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Pearse, J, Fialko Y.  2010.  Mechanics of active magmatic intraplating in the Rio Grande Rift near Socorro, New Mexico. Journal of Geophysical Research-Solid Earth. 115   10.1029/2009jb006592   AbstractWebsite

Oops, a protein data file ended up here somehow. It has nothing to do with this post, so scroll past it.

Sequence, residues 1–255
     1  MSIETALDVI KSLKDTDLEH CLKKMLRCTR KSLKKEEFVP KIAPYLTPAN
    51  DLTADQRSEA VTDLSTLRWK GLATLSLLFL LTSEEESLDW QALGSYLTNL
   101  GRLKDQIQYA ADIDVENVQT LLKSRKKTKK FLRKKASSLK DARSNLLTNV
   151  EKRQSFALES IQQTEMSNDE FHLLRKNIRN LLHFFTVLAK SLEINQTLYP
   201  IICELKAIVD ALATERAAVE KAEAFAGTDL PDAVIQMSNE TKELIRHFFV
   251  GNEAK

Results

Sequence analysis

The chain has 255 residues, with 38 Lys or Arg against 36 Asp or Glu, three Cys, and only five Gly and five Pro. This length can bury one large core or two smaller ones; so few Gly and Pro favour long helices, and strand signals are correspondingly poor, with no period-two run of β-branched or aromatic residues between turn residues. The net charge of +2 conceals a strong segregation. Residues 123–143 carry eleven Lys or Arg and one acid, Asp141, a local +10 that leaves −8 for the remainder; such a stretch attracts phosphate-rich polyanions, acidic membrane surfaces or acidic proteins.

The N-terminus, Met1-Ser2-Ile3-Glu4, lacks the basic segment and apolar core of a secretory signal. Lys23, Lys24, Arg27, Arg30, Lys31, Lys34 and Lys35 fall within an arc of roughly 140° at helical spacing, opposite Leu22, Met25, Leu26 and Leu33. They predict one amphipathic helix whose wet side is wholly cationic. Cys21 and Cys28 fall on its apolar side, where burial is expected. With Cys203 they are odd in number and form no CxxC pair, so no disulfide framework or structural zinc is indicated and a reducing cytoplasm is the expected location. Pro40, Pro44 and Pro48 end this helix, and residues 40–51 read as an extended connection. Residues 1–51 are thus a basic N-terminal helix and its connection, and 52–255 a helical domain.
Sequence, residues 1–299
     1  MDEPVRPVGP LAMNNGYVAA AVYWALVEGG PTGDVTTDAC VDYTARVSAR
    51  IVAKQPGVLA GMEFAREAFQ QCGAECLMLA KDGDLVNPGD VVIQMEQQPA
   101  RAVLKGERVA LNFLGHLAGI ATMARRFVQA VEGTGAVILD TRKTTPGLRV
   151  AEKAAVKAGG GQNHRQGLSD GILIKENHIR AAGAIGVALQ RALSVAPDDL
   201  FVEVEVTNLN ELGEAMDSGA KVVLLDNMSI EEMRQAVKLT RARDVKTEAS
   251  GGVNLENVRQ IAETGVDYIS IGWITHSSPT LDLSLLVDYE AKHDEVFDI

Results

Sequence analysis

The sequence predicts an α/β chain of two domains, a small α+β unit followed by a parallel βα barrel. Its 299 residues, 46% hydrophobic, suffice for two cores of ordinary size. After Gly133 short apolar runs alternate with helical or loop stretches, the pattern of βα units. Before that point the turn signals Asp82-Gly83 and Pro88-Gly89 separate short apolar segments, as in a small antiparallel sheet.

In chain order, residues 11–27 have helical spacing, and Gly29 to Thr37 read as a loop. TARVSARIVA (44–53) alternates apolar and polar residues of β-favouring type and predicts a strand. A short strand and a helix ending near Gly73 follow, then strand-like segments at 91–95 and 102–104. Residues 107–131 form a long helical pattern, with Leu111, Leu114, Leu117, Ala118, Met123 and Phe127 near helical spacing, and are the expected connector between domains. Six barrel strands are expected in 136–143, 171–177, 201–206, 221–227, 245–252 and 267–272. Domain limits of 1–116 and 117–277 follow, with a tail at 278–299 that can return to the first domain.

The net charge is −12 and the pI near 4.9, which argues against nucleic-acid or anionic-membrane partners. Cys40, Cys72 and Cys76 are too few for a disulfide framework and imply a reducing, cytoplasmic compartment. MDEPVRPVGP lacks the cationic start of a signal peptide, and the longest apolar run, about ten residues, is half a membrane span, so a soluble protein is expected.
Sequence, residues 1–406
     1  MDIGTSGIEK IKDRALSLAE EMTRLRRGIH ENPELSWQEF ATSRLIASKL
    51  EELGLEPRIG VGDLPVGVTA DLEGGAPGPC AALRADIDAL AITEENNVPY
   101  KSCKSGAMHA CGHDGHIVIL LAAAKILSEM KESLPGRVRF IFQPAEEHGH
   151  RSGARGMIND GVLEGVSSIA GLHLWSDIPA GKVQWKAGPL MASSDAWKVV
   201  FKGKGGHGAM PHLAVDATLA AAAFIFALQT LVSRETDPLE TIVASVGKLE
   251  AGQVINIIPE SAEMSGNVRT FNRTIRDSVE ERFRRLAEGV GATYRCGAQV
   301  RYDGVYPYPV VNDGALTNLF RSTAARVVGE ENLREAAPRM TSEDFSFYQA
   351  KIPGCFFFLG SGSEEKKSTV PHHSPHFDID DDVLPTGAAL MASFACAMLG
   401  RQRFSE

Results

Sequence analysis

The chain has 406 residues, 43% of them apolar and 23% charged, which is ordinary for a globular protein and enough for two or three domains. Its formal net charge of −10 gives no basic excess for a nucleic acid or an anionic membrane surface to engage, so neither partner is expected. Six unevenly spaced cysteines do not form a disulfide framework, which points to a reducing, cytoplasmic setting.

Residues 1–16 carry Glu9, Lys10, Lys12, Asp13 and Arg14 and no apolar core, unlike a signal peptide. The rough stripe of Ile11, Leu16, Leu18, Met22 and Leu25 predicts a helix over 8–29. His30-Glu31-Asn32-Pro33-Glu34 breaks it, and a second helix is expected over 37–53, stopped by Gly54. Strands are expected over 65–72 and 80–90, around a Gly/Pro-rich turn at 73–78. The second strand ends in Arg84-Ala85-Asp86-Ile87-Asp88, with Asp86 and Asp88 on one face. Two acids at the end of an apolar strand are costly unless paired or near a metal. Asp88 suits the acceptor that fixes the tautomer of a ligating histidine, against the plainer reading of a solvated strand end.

We investigate long-term deformation due to the Socorro Magma Body (SMB), one of the largest active intrusions in the Earth's continental crust, using interferometric synthetic aperture radar (InSAR) observations and finite element simulations. InSAR data spanning 15 years (1992-2007) indicate that the magma body is associated with a steady crustal uplift at a rate of about 2 mm yr(-1). Previous work showed that while the pattern of surface uplift is consistent with an elastic inflation of a large sill-like magma body, the SMB could not have formed via steady elastic inflation because the latter would be outpaced by magma solidification. We resolve this problem using coupled thermovisco-elastic models, and place constraints on the intrusion history as well as the rheology of the ambient crustal rocks. We demonstrate that observations rule out the linear Maxwell response of the ductile crust, but are consistent with laboratory-derived power law rheologies. Our preferred model suggests that the age of the SMB is of the order of 10(3) years, and that the apparent constancy of the present-day uplift may be due to slow heat transfer and ductile deformation in a metamorphic aureole of a giant sill-like magma intrusion, rather than due to a steady increase in the magma overpressure. The SMB is a contemporaneous example of "magmatic intraplating," a process by which large volumes of mafic melt stall and spread at midcrustal depths due to density or rheology contrasts.